As the world began to see how multi-engine aircraft are a safe reliable form of transportation, many businessmen decided to capitalize on this.  One such man that did this is Mr. Tom Davis.  He was the owner-operator of a very successful airline operation known as Piedmont Airlines.  Even though the airline as it was known does not operate, its legacy still lives on as American Eagle.

 

           Piedmont Airlines used many multi-engine airplanes to advance the success of the company.  One such aircraft was the DC-3.  The inaugural plane was setting on the Bluethenthal Field in Wilmington, North Caroline with the words Piedmont Airlines painted over the door.  The flight rolled down the runway at 7:15 launching the many years of Multi-engine success for this aircraft.  The flight flew to Charlotte North Carolina, then to Asheville North Carolina.  Then the flight proceeded to Bristol, Kingsport, and Johnson City Tennessee before it landed in Cincinnati (Elliott,2006).  As the airline became larger and the routes were further apart, the aircraft that Piedmont used became more and advanced.  This brought the need for the most complex multi-engine aircraft of the day, the jet.  Piedmont Airlines leased the first jet from Boeing in 1967.  It was a Boeing 727 (Elliott, 2006).  This aircraft not only had two engines, but it had three.  The aircraft allowed Piedmont’s passengers to travel further distances and at higher speeds, thus allowing form more destinations.  Piedmont decided that turbine powered engines were the way to go because of the success of the Boeing 727 (Elliott,2006).  Piedmont is a prime example of the importance of the multi-engine aircraft.   Piedmont certainly holds an important place in multi-engine history.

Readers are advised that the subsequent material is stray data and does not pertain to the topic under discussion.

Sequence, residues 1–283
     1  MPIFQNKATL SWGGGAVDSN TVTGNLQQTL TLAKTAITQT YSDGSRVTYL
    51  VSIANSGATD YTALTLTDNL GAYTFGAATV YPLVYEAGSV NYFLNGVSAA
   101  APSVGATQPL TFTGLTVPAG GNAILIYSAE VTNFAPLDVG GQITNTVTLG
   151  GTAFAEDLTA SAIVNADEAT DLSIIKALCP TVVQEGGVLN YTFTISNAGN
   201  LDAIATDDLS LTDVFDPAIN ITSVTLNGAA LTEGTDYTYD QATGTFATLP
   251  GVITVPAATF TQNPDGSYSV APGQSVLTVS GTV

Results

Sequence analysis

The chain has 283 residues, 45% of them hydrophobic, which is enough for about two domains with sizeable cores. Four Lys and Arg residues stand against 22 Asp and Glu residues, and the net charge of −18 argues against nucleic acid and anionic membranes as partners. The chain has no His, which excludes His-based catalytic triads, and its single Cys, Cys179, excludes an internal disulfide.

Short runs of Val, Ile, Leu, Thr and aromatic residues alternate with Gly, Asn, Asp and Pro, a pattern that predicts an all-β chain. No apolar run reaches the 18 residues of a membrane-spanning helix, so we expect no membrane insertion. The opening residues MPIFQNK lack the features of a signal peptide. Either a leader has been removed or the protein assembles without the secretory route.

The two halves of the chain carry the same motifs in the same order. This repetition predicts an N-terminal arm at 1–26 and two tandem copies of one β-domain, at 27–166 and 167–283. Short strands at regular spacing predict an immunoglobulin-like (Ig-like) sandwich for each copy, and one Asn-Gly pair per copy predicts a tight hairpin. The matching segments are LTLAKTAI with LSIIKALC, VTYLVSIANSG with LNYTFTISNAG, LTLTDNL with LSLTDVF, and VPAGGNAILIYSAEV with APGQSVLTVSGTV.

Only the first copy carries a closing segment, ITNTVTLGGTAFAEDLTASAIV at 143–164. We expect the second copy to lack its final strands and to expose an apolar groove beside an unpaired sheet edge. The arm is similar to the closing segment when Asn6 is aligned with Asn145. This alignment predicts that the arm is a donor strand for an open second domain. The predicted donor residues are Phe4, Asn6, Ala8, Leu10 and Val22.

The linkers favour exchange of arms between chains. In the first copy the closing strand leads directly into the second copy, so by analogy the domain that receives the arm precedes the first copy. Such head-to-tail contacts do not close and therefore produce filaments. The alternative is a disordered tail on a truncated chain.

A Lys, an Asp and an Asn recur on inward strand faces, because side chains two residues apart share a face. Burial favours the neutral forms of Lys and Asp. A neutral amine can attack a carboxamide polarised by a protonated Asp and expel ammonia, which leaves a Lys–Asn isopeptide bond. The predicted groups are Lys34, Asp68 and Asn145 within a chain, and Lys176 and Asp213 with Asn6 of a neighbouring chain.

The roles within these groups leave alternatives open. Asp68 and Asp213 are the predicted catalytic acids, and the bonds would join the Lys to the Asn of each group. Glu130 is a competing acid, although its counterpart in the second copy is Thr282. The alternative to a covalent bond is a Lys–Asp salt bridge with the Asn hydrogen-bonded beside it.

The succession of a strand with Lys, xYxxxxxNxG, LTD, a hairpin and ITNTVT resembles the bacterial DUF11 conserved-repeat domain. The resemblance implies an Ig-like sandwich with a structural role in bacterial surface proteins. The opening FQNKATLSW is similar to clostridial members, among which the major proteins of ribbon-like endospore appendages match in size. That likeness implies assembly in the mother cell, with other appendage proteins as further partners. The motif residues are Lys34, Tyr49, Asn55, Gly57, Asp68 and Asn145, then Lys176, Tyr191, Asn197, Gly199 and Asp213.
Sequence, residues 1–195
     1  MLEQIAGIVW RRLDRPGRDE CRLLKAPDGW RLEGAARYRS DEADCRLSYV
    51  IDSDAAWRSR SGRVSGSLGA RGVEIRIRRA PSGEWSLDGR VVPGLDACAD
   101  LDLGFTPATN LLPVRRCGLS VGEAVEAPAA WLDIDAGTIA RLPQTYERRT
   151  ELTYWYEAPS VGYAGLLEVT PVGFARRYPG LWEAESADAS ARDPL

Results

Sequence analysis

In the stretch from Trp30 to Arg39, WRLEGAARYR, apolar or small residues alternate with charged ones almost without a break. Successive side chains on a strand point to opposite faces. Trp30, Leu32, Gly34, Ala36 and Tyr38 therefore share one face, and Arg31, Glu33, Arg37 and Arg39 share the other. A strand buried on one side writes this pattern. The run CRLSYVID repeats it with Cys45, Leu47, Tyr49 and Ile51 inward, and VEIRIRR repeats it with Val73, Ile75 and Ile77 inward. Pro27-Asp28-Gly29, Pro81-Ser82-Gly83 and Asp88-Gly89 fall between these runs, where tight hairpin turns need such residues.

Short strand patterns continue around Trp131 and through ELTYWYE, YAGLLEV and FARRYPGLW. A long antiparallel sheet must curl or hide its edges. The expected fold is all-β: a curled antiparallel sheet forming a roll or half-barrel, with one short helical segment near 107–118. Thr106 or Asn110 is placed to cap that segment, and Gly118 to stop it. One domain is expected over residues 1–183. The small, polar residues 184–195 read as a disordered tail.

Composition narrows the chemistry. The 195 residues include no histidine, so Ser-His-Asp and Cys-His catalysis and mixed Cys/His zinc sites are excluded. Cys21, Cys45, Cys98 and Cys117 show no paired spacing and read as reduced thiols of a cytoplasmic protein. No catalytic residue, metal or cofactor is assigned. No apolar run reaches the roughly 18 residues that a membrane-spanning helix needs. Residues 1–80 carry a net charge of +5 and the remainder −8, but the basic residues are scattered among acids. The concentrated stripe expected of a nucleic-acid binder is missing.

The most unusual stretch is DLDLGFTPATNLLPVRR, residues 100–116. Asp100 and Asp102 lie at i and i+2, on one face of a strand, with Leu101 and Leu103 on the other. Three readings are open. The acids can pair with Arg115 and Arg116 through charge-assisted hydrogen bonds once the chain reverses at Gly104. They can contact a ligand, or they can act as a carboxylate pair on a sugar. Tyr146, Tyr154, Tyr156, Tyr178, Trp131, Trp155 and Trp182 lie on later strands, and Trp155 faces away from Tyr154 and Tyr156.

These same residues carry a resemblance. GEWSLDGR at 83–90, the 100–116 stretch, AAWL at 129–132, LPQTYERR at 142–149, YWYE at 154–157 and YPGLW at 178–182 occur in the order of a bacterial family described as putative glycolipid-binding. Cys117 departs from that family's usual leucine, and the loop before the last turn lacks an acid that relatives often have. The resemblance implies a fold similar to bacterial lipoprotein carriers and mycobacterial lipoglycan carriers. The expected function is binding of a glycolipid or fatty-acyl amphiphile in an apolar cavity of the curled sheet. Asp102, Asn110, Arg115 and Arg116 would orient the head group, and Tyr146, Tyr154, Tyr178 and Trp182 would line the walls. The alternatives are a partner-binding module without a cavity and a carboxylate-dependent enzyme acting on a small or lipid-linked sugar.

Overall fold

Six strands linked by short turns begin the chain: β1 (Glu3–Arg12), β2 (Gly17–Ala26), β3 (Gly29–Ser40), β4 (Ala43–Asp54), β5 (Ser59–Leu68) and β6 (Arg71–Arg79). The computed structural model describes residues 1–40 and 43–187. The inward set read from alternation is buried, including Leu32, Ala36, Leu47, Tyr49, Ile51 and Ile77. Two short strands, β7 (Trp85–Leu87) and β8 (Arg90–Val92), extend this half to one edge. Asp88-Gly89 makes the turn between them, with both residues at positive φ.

Although the multi-engine aircraft started as a very basic design, it has become one of the most advanced pieces of equipment known today.  There are many of these multi-engine aircraft that fly every day.  One such multi-engine aircraft that comes to mind is the Gulfstream G-650.  The aircraft is fixed with two Rolls-Royce BR725 AI-12 that allows the aircraft to obtain very high speeds.  Not only is it very fast it also cruises at 51,000 feet and has a range of 7,000 miles (Gulfstream, 2017).  The aircraft is a great example of how multi-engine aircraft are advancing.